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ROBERT DE NIRO launched his prolific motion picture career
in Brian De Palma's The Wedding Party in 1969. By 1974 he had won the New York
Film Critics Award for Best Supporting Actor in recognition of his critically
acclaimed performance in Bang the Drum Slowly and from the National Society of
Film Critic for Martin Scorsese's Mean Streets.
In 1974 De Niro won the Academy Award for Best Supporting Actor for his
portrayal of the young Vito Corleone in The Godfather, Part II. In 1980 he won
his second Oscar, as Best Actor, for his extraordinary portrayal of Jake La
Motta in Scorsese's Raging Bull.
De Niro has earned Academy Award nominations for his work in four additional
films: as Travis Bickle in Scorsese's acclaimed Taxi Driver, as a Vietnam vet in
Michael Cimino's The Deer Hunter, as a catatonic patient brought to life in
Penny Marshall's Awakenings, and in 1992 as Max Cady, an ex-con looking for
revenge, in Scorsese's remake of the 1962 classic Cape Fear.
In 2009, De Niro received the coveted Kennedy Center Honor for his
distinguished acting. He also received the Hollywood Actor Award from the
Hollywood Film Festival and the Stanley Kubrick Award from the BAFTA Britannia
Awards. In addition, AARP The Magazine gave De Niro the 2010 Movies for Grownups
Lifetime Achievement Award.
De Niro was honored with the Cecil B. DeMille Award at the 2011 Golden Globe
Award. He also served as the jury president of the 64th Cannes Film Festival.
De Niro's upcoming film projects include Lionsgate's comedy The Big Wedding,
Robert Cortes' thriller Red Lights, Jessy Terrero's crime-drama Freelancers, and
Millennium Films' action thriller The Killing Season.
De Niro recently starred in Focus Features' Being Flynn.
His other film credits include New Line Cinema's New Year's Eve, Relativity
Media's thriller Limitless, Little Fockers, the third installment of the highly
successful Tribeca Productions' Meet the Parents franchise, Filmauro's Italian
romantic comedy, Manuale d'amore 3, Nu Image Films' psychological thriller
Stone, and 20th Century Fox's Machete.
His distinguished body of work also includes performances in Elia Kazan's The
Last Tycoon; Bernardo Bertolucci's 1900; Ulu Grosbard's True Confessions and
Falling in Love; Sergio Leone's Once Upon a Time in America; Scorsese's King of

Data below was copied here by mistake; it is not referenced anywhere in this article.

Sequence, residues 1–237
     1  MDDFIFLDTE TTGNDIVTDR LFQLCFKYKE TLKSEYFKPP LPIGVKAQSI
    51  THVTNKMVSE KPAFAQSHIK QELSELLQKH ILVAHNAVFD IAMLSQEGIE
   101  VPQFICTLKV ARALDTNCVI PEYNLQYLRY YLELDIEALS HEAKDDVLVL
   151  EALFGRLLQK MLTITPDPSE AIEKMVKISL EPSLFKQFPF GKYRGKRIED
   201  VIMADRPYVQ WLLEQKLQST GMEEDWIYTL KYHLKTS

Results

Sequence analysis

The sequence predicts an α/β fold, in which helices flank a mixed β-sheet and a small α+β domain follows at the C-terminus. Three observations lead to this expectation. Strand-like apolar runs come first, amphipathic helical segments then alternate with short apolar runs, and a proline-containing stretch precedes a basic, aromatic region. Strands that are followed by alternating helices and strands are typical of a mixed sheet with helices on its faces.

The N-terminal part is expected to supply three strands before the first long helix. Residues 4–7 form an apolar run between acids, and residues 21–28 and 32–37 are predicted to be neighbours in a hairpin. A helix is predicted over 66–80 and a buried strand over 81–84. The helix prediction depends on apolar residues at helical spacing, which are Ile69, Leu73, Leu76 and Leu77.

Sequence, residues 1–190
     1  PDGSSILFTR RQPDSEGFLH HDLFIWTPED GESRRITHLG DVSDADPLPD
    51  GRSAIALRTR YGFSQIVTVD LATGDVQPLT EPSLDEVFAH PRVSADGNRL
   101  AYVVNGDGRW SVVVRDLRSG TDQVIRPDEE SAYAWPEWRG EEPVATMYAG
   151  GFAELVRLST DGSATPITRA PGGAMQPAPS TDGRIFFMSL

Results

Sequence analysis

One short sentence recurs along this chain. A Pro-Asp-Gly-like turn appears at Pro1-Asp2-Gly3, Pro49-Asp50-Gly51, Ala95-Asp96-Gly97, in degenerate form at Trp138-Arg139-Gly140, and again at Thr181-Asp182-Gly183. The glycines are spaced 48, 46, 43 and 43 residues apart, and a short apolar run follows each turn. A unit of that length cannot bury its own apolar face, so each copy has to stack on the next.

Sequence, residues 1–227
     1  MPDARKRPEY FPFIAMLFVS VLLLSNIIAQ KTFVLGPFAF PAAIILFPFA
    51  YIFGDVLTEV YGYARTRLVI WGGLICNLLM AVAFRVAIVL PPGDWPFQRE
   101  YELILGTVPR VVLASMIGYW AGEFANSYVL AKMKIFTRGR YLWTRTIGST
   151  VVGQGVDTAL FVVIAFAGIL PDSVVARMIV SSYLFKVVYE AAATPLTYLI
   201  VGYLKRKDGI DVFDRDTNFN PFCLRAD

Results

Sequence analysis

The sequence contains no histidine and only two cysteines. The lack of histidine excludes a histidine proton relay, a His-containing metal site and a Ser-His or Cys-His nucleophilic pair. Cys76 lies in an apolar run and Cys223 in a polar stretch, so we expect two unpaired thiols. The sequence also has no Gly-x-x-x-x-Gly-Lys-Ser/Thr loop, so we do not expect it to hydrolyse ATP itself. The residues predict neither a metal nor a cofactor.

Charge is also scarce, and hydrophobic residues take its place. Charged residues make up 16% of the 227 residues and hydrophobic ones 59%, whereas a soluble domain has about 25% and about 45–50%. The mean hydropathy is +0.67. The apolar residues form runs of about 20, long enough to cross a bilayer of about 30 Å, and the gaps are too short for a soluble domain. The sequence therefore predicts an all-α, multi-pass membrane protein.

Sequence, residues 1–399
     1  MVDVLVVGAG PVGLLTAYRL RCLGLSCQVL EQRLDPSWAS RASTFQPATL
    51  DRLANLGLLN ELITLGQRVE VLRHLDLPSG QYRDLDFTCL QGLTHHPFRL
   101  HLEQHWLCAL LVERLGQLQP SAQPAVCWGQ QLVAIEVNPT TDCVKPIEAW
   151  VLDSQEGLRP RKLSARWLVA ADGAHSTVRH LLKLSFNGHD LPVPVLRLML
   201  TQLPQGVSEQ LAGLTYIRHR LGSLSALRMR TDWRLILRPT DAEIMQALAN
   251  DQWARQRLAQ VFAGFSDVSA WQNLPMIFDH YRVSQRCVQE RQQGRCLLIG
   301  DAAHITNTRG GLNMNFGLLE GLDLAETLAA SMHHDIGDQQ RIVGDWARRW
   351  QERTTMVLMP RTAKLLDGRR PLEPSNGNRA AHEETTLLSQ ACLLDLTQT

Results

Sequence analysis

Comedy, New York, New York, Goodfellas, and Casino, Terry Gilliam's Brazil;
Roland Joffe's The Mission; Brian De Palma's The Untouchables; Alan Parker's
Angel Heart; Martin Brest's Midnight Run; David Jones'
Jacknife; Martin Ritt's Stanley and Iris; Neil Jordan's We're No Angels; Penny
Marshall's Awakenings; Ron Howard's Backdraft; Michael Caton-Jones' This Boy's
Life; John McNaughton's Mad Dog and Glory; Kenneth Branagh's Mary Shelley's
Frankenstein; Michael Mann's Heat; Barry Levinson's Sleepers and Wag the Dog;
Jerry Zaks' Marvin's Room; Tony Scott's The Fan; James Mangold's Copland;
Alfonso CuarĂ³n's Great Expectations; Quentin Tarantino's Jackie Brown; John
Frankenheimer's Ronin; Harold Ramis' Analyze This and Analyze That; Joel
Schumacher's Flawless; Des McNuff's The Adventures of Rocky and Bullwinkle;
George Tillman's Men of Honor; John Herzfeld's Fifteen Minutes; Frank Oz's The
Score; Tom Dey's Showtime; Michael Caton-Jones' City By The Sea; Nick Hamm's,
Godsend; John Polson's Hide and Seek, Mary McGuckian's The Bridge of San Luis
Rey; DreamWorks's Shark Tale;Jay Roach's Meet The Parents, and Meet the Fockers,
Barry Levinson's What Just Happened, Jon Avnet's Righteous Kill and Kirk Jones'
De Niro takes pride in the development of his production company, Tribeca
Productions, the Tribeca Film Center, which he founded with Jane Rosenthal in
1988, and in the Tribeca Film Festival, which he founded with Rosenthal and
Craig Hatkoff in 2001 as a response to the attacks on the World Trade Center.
The festival was conceived to foster the economic and cultural revitalization of
Lower Manhattan through an annual celebration of film, music, and culture; the
festival's mission is to promote New York City as a major filmmaking center and
help filmmakers reach the broadest possible audiences.
Through Tribeca Productions, De Niro develops projects on which he serves in
a combination of capacities, including producer, director and actor.
Tribeca's A Bronx Tale in 1993 marked De Niro's directorial debut. He later
directed and co-starred in The Good Shepherd with Matt Damon and Angelina Jolie.
Other Tribeca features include Thunderheart, Cape Fear, Mistress, Night and
the City, The Night We Never Met, Faithful, Panther, Marvin's Room, Wag the Dog,
Analyze This, Flawless, The Adventures of Rocky and Bullwinkle, Meet the
Parents, Fifteen Minutes, Showtime, Analyze That and Meet the Fockers.
In 1992, Tribeca TV was launched with the acclaimed series "Tribeca." De Niro
was one of the executive producers.
In 1998, Tribeca produced a miniseries for NBC, based on the life of "Sammy
'The Bull' Gravano."
Tribeca Productions is headquartered at De Niro's Tribeca Film Center in the
Tribeca district of New York. The Film Center is a state-of-the-art office
building designed for the film and television industry. The facility features
office space, a screening room, banquet hall and restaurant.
The center offers a full range of services for entertainment professionals.
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